At the heart of Frontier Nursing University is a talented and diverse community of students, alumni, faculty, staff, couriers and preceptors. Spotlight blogs feature members of our FNU community who are focused on the mission of educating nurse-midwives and nurse practitioners to deliver quality healthcare to underserved and rural populations.
Though some may see the work of a cardiovascular intensive care unit nurse and the work of a nurse-midwife as somewhat disparate, Frontier Nursing University recent graduate Liz Carr is confident that her background working in an ICU translates well to nurse-midwifery. A resident of Lexington, Ky., Carr currently works at the University of Kentucky (UK) Healthcare Albert B Chandler Hospital Cardiovascular Intensive Care Unit and recently earned her Master of Science in Nursing (MSN) in Nurse-Midwifery from FNU.
“I chose a cardiovascular background very intentionally,” Carr said. “Cardiovascular disease is the leading cause of death in pregnancy. I chose not to work labor and delivery as an RN, but still wanted to gain skills and knowledge I could apply as a midwife. I am so privileged to do a nursing job I love and also study something I love. While cardiovascular intensive care and midwifery are different, I am hopeful that my unique skill set will be an asset to my future patients and their communities.”
Originally from Atlanta, Carr earned her BSN from UK in 2017 and has worked at the Albert B Chandler Hospital Cardiovascular Intensive Care Unit for approximately five years.
Carr has dreamed of becoming a nurse-midwife since she was 13 years old.
“In my middle school sex education class, we watched a video of an unmedicated vaginal birth. All of the other students were horrified, but I was riveted. I knew from that moment on that I wanted to be a birth worker and usher people through that powerful experience,” she said.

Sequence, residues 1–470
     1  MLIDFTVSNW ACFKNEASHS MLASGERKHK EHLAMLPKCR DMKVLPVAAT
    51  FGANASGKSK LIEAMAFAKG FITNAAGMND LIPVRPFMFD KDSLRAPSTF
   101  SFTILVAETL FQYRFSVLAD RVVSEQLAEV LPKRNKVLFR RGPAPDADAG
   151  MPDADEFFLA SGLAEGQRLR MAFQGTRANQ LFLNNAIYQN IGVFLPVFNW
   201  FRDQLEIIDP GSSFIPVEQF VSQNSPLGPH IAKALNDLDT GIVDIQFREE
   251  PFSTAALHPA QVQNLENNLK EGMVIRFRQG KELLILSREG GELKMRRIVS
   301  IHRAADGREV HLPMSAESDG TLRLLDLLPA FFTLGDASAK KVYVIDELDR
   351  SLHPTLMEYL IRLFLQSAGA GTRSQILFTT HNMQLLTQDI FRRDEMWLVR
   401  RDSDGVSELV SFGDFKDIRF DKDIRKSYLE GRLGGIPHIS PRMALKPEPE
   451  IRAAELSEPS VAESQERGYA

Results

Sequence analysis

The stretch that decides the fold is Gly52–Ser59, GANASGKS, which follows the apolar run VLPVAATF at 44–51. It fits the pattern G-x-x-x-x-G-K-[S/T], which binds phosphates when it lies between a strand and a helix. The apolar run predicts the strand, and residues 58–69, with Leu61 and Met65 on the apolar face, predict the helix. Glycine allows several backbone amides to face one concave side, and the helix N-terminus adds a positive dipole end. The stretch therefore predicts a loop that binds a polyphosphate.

Throughout her time studying at FNU, Carr said she has particularly appreciated the strong sense of community among students and faculty members. This was illustrated for her when former faculty member Dr. Kendra Faucett sent her a list of all of the midwives in the area to assist in her search for preceptors.
“It was the moment that I felt like I was really in the right place with an amazing community of people who will always champion my success,” she said.
Carr worked at four clinical sites throughout her time at FNU, the last of which was with FNU alumni Paula Brandt at the recommendation of FNU clinical advisor Carisa Lipp.
“There was never anywhere else I would want to be. Frontier is the home of nurse-midwifery.”
- Liz Carr, BSN, RN, CCRN, CNM, FNU Alumni
“My rotation with Paula was not only what I needed to finish my clinical requirements, it was exactly what I needed to feel ready to go into practice,” she said. “It’s all thanks to the amazing Frontier network.”
Throughout her clinical experience at FNU, Carr said one of her proudest moments was when she was present for a patient’s first Pap smear. Using training she acquired from FNU, Carr said she was able to ease the patient’s anxiety about the procedure.
“As a student, it felt like such an important moment,” Carr said. “I had the chance to introduce someone to speculum exams in a way that was comfortable for her, and which will hopefully ensure she seeks out her routine health screenings without fear of pain. There was never anywhere else I would want to be. Frontier is the home of nurse-midwifery.”
Over the years, Carr has received several recognitions for her work in healthcare, including the University of Kentucky Healthcare Commitment to Nursing Excellence Award in 2017 and the University of Kentucky Healthcare Bronze Award for Innovation in 2020. She also is a three-time Daisy Award nominee and a 2022 participant in the Training in Abortion Care Residency.
In her free time, Carr enjoys reading, spending time with her dog, Cooper, and visiting her family in Atlanta.